For Violent Criminals
By Jon Fleischman
Just a week ago, California Attorney General Kamala Harris released an alarming report detailing how violent crime in California is on the rise, increasing 10% over the last year.
Violent crimes were up last year by about 15,000 to a high of 166,588. Homicides went up 9.7 percent, robberies 8.5 percent, aggravated assaults 8 percent. Rapes increased 36 percent!
It is in this environment that Governor Jerry Brown has placed before voters this November a ballot measure deceptively titled the "Public Safety and Rehabilitation Act of 2016" - when it might be more accurately dubbed the "Let Violent Criminals Out Of Prison Early Act of 2016."
The measure, now officially Proposition 57, purports to allow for early release only of those inmates who have committed "non-violent offenses," but is written in a way that even a spokesperson for the initiative says will only prevent early release for those who committed 23 specific violent crimes.
Here are just some of the supposedly "non-violent crimes" for which early release would be possible if this measure is passed: rape by intoxication, rape of an unconscious person, human trafficking involving sex act with minors, drive-by shooting, assault with a deadly weapon, taking a hostage, domestic violence involving trauma, possession of a bomb or weapon of mass destruction, hate crime causing physical injury, arson causing great bodily injury, discharging a firearm on school grounds, corporal injury to a child, and false imprisonment of an elderly person. The list actually goes on and on.
In addition to significantly reducing the time a vast number of violent criminals would have to serve before being eligible for parole, the Governor's measure actually allows bureaucrats at the Department of Corrections to give "time off for good behavior" to literally any inmate in state prison, including those convicted of the most heinous criminal acts, including first-degree murder.
I suppose another equally valid ballot title for the measure could be the "California Crime Victim Re-victimization Act," because the measure was purposely drafted to allow every prisoner currently serving time for the violent crimes listed above (and more) to be eligible for early release based on the new guidelines. Which means that all of the victims of these terrible acts, who had some degree of certainty as to the disposition of their attackers, would all have to wonder if suddenly their attackers would be back on the streets - much sooner than they had been promised by the criminal justice system.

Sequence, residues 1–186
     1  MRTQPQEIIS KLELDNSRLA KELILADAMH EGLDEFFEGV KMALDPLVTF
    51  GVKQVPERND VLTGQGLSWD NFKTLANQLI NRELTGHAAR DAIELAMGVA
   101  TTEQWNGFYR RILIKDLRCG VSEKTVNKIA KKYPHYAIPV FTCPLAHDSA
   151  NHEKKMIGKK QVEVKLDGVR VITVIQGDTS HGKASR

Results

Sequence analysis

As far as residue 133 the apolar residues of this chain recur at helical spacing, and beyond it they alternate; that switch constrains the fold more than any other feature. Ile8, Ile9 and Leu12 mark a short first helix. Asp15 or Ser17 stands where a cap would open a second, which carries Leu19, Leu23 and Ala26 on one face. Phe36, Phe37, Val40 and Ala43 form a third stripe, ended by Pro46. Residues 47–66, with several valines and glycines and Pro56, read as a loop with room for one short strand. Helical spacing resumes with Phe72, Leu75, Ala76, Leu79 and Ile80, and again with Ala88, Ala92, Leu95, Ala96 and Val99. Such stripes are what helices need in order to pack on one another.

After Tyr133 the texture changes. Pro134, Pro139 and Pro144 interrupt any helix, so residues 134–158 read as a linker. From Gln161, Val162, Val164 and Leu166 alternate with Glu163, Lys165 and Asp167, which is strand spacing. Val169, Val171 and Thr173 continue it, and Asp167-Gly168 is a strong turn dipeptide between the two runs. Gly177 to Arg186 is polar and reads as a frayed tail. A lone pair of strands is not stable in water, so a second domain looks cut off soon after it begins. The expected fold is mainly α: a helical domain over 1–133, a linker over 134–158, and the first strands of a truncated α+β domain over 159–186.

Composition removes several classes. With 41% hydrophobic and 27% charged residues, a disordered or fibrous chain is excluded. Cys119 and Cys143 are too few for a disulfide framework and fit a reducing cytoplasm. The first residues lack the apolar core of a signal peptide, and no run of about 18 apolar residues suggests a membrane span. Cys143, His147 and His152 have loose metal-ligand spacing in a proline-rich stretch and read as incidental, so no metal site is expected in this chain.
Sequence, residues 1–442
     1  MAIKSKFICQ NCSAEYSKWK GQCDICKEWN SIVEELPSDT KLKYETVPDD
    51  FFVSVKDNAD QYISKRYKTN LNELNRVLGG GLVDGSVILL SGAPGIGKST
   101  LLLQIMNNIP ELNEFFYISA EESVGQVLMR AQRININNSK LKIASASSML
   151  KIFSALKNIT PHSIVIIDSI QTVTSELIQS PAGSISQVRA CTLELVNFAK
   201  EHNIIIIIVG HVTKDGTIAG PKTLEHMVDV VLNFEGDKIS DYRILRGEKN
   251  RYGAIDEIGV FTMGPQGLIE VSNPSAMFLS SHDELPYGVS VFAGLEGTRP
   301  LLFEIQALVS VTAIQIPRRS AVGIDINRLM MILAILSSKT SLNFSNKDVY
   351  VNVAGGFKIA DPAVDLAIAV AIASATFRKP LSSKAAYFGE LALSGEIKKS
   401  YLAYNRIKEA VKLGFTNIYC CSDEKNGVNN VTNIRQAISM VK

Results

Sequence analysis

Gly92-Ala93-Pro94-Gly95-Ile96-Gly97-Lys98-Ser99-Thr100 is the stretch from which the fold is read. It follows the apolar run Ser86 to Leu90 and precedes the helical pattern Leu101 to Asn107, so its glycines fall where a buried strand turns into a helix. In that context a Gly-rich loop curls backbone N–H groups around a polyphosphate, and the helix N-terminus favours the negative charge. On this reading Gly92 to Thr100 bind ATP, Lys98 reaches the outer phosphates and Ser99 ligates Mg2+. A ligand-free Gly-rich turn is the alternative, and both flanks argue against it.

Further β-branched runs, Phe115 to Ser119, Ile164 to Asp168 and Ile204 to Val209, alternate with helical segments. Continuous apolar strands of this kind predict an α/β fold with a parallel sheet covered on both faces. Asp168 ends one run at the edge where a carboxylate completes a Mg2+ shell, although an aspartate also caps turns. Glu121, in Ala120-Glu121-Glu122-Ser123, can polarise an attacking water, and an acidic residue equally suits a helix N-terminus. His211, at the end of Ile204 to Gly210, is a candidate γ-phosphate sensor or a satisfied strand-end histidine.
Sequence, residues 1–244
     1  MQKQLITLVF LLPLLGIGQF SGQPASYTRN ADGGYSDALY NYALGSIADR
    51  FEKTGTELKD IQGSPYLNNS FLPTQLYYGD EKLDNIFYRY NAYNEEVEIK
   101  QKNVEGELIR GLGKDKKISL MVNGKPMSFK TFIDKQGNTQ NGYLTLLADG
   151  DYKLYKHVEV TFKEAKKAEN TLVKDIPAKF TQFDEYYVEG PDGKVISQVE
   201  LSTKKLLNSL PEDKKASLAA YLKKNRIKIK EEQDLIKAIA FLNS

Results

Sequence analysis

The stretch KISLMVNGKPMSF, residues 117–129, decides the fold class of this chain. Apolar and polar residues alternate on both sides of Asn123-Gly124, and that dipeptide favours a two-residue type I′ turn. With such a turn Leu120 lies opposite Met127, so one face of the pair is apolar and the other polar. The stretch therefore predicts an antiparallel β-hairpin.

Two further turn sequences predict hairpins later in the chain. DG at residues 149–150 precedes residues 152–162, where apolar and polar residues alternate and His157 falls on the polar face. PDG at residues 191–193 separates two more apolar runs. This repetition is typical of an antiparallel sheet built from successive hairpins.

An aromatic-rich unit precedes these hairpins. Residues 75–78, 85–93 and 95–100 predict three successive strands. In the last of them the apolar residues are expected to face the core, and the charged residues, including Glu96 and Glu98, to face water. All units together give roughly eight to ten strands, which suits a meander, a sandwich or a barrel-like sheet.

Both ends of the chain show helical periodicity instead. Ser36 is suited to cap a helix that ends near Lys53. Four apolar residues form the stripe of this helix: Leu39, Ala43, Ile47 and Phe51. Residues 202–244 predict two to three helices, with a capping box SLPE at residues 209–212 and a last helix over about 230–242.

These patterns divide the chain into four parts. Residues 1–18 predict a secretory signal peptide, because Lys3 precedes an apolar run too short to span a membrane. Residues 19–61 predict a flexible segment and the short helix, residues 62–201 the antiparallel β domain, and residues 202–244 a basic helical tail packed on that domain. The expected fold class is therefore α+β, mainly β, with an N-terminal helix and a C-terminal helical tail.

Brown's measure, in one broadly written provision, would overturn a number of previous tough-on-crime measures passed by California voters, including key provisions of Marsy's Law; 3-Strikes-And-You're-Out - the Victims' Bill of Rights; the Californians Against Sexual Exploitation Act; and the Gang Violence and Juvenile Crime Prevention Act.
Brown has so far spent over $5 million from a ballot measure advocacy committee he controls to put Prop 57 before the voters, and he still has over $20 million in that fund. He argues that these "reforms" are needed to address prison overcrowding, and also says that he very much regrets his support in 1977, as governor, for establishing determinative sentencing laws in California. These have led to the establishment of strict sentencing guidelines, mandatory minimum sentences, and enhanced sentences for certain crimes.
Brown also feels strongly that the current system provides no incentive for inmates to be exemplary while behind bars, and feels that with the carrot of reducing sentences that prison authorities can cause inmate behavior to change in a positive way, reducing recidivism.
A robust conversation about criminal justice reform is a good thing, and clearly some reforms are worthwhile to discuss, and even implement. However, in the case of this particularly dreadful ballot measure, its basic premise is a lie. Governor Brown wants to soften sentences and allow for early release of violent criminals - while trying to tell voters with a straight face that that is not what this measure actually does.
A final and disturbing fact: Attorney General (and United States Senate candidate) Kamala Harris is charged with writing an accurate title and summary for each ballot measure. As the state's top prosecutor, Harris knows full well what this measure does, but still placed before voters the sentence, "Allows parole consideration for persons convicted of nonviolent felonies...".
The question is whether general election voters, inundated with campaign messaging from not only a presidential election but from a boatload of other ballot measures, will understand this measure for what it actually is. Because if they just go by the ballot title and summary in front of them by Kamala Harris, thousands of very dangerous people will be back on the streets very, very soon.